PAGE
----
then find

$\left\lbrack A_{1} \right\rbrack + 2\left\lbrack A_{2} \right\rbrack - 0.5\left\lbrack A_{3} \right\rbrack$

Solution

$\left\lbrack A_{1} \right\rbrack + 2\left\lbrack A_{2} \right\rbrack - 0.5\left\lbrack A_{3} \right\rbrack$

$\begin{split} &= \begin{bmatrix} 5 & 6 & 2 \\ 3 & 2 & 1 \\ \end{bmatrix} + 2\begin{bmatrix} 2.1 & 3 & 2 \\ 5 & 1 & 6 \\ \end{bmatrix} - 0.5\begin{bmatrix} 0 & 2.2 & 2 \\ 3 & 3.5 & 6 \\ \end{bmatrix}\\ &= \begin{bmatrix} 5 & 6 & 2 \\ 3 & 2 & 1 \\ \end{bmatrix} + \begin{bmatrix} 4.2 & 6 & 4 \\ 10 & 2 & 12 \\ \end{bmatrix} - 0.5\begin{bmatrix} 0 & 1.1 & 1 \\ 1.5 & 1.75 & 3 \\ \end{bmatrix}\\ &= \begin{bmatrix} 9.2 & 10.9 & 5 \\ 11.5 & 2.25 & 10 \\ \end{bmatrix} \end{split}$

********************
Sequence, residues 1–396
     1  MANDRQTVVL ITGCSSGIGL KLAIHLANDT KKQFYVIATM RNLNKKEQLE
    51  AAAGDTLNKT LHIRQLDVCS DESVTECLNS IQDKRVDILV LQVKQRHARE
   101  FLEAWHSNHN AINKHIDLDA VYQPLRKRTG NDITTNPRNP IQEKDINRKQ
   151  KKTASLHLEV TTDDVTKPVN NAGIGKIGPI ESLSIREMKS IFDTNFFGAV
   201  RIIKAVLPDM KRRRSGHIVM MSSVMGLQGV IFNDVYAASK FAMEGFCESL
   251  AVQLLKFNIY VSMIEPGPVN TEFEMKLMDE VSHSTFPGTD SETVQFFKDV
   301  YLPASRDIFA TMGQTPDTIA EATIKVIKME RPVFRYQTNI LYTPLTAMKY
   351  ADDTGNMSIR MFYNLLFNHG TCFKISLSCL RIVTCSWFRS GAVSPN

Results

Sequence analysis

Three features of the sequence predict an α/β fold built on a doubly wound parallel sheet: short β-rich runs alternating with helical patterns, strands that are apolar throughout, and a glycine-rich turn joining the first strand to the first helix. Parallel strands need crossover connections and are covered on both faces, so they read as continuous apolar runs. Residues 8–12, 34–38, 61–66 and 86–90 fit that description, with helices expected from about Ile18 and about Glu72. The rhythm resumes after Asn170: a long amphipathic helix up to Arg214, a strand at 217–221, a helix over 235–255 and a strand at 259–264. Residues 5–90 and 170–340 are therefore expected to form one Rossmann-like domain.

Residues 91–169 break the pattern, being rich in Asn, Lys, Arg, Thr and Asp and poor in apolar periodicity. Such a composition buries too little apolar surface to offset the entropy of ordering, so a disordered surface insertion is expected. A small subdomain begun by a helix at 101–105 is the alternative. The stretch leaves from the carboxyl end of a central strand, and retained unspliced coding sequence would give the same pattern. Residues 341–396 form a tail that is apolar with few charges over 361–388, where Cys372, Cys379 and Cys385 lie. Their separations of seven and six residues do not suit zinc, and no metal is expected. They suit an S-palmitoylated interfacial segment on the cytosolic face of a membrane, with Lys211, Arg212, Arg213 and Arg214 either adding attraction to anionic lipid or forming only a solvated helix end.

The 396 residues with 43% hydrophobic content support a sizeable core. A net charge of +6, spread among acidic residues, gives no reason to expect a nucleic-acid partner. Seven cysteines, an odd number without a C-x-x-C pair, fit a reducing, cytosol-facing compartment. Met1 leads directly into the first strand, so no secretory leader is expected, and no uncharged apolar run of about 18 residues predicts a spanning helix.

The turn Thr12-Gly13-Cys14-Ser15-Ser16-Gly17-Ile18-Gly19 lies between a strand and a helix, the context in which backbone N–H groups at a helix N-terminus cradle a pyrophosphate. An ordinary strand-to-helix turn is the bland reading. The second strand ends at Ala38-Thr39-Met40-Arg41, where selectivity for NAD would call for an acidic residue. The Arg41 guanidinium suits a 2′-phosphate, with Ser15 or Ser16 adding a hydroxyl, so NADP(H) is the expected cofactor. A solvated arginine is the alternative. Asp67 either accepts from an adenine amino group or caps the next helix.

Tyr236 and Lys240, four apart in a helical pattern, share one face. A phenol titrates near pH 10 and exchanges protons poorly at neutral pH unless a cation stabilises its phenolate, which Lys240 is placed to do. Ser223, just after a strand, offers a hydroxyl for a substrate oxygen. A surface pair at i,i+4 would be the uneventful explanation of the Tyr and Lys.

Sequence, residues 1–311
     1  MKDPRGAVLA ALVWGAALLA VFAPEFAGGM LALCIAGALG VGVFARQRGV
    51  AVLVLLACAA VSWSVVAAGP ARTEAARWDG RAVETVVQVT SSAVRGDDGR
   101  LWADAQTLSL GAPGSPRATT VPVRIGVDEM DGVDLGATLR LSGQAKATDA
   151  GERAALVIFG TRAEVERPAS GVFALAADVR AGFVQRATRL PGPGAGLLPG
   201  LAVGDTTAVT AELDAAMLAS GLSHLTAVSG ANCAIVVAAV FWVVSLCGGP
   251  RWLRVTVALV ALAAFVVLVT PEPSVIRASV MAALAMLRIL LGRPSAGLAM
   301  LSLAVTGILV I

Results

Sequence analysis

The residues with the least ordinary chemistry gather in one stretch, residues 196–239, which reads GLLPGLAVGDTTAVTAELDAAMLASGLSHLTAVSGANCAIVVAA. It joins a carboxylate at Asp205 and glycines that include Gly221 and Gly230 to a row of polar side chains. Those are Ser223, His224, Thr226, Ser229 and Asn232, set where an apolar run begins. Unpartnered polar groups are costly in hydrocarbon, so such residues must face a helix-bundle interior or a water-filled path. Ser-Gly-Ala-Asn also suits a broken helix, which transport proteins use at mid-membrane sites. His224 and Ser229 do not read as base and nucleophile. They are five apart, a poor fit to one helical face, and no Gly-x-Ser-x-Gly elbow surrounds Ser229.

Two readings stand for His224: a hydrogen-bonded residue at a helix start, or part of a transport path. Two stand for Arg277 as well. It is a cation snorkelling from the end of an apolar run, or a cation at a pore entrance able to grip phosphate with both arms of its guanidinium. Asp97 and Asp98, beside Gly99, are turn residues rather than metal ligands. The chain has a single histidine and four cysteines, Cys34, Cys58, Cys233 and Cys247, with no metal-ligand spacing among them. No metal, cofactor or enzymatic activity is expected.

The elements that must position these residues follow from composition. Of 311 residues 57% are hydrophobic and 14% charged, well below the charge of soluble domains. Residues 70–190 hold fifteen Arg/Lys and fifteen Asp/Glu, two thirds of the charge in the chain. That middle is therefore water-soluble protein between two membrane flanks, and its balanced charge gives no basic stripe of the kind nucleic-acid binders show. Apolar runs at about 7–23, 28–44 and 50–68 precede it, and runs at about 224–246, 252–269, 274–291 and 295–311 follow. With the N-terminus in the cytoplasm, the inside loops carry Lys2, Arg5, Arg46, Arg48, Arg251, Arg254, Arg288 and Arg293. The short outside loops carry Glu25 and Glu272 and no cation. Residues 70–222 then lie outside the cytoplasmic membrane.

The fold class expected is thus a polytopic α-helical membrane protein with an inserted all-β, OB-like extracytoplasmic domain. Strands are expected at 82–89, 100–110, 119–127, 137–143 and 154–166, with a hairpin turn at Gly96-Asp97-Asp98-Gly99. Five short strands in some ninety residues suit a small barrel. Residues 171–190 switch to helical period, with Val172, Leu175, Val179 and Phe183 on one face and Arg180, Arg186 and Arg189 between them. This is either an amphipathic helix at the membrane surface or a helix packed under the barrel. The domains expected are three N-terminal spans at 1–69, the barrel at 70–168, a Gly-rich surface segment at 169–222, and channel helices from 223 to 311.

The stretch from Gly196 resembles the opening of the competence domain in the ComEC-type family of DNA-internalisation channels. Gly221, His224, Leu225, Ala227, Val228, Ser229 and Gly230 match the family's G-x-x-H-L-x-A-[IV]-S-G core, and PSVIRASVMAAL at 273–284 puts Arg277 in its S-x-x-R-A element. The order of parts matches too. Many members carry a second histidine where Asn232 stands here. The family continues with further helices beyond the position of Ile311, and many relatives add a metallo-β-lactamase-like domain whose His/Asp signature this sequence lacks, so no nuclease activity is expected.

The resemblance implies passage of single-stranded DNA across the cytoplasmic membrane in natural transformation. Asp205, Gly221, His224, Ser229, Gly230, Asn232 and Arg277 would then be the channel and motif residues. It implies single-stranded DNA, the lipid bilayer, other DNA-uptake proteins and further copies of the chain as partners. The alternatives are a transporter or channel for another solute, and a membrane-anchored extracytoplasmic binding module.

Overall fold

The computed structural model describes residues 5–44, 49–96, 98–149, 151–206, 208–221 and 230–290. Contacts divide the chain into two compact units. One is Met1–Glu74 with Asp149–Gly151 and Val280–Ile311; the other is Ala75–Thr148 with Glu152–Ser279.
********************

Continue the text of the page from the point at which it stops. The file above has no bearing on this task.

## 3.7 What are some of the rules of binary matrix operations?

### 3.7.1 Commutative law of addition

If $$\left\lbrack A \right\rbrack$$ and $$\left\lbrack B \right\rbrack$$ are $$m \times n$$ matrices, then

$\left\lbrack A \right\rbrack + \left\lbrack B \right\rbrack = \left\lbrack B \right\rbrack + \left\lbrack A \right\rbrack$

### 3.7.2 Associative law of addition

If $$\left\lbrack A \right\rbrack$$, $$\left\lbrack B \right\rbrack$$, and $$\left\lbrack C \right\rbrack$$ are all $$m \times n$$ matrices, then

$\left\lbrack A \right\rbrack + \left( \left\lbrack B \right\rbrack + \left\lbrack C \right\rbrack \right) = \left( \left\lbrack A \right\rbrack + \left\lbrack B \right\rbrack \right) + \left\lbrack C \right\rbrack$

### 3.7.3 Associative law of multiplication